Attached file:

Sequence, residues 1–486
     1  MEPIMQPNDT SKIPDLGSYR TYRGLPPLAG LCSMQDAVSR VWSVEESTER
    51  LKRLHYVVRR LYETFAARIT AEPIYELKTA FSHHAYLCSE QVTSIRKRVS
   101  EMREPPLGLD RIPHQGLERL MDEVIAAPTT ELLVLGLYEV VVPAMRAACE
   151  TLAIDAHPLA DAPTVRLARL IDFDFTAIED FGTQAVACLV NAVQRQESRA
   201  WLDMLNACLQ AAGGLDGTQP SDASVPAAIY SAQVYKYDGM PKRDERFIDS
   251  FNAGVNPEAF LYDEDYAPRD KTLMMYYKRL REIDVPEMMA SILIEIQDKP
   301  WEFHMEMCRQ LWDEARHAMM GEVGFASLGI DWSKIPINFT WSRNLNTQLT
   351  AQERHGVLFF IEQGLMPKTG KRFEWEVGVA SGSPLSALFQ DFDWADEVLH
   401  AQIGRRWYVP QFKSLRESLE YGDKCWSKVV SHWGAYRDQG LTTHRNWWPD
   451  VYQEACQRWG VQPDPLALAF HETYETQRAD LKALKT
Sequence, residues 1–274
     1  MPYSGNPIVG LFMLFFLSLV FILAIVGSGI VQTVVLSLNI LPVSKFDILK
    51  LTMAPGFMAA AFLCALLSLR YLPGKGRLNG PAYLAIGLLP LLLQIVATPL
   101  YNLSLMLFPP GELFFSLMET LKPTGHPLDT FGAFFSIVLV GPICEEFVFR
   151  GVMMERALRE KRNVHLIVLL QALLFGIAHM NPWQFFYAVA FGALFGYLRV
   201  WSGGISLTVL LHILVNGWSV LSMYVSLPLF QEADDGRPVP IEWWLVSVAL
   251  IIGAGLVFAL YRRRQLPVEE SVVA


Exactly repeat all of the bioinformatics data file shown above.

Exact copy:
Sequence, residues 1–486
     1  MEPIMQPNDT SKIPDLGSYR TYRGLPPLAG LCSMQDAVSR VWSVEESTER
    51  LKRLHYVVRR LYETFAARIT AEPIYELKTA FSHHAYLCSE QVTSIRKRVS
   101  EMREPPLGLD RIPHQGLERL MDEVIAAPTT ELLVLGLYEV VVPAMRAACE
   151  TLAIDAHPLA DAPTVRLARL IDFDFTAIED FGTQAVACLV NAVQRQESRA
   201  WLDMLNACLQ AAGGLDGTQP SDASVPAAIY SAQVYKYDGM PKRDERFIDS
   251  FNAGVNPEAF LYDEDYAPRD KTLMMYYKRL REIDVPEMMA SILIEIQDKP
   301  WEFHMEMCRQ LWDEARHAMM GEVGFASLGI DWSKIPINFT WSRNLNTQLT
   351  AQERHGVLFF IEQGLMPKTG KRFEWEVGVA SGSPLSALFQ DFDWADEVLH
   401  AQIGRRWYVP QFKSLRESLE YGDKCWSKVV SHWGAYRDQG LTTHRNWWPD
   451  VYQEACQRWG VQPDPLALAF HETYETQRAD LKALKT
Sequence, residues 1–274
     1  MPYSGNPIVG LFMLFFLSLV FILAIVGSGI VQTVVLSLNI LPVSKFDILK
    51  LTMAPGFMAA AFLCALLSLR YLPGKGRLNG PAYLAIGLLP LLLQIVATPL
   101  YNLSLMLFPP GELFFSLMET LKPTGHPLDT FGAFFSIVLV GPICEEFVFR
   151  GVMMERALRE KRNVHLIVLL QALLFGIAHM NPWQFFYAVA FGALFGYLRV
   201  WSGGISLTVL LHILVNGWSV LSMYVSLPLF QEADDGRPVP IEWWLVSVAL
   251  IIGAGLVFAL YRRRQLPVEE SVVA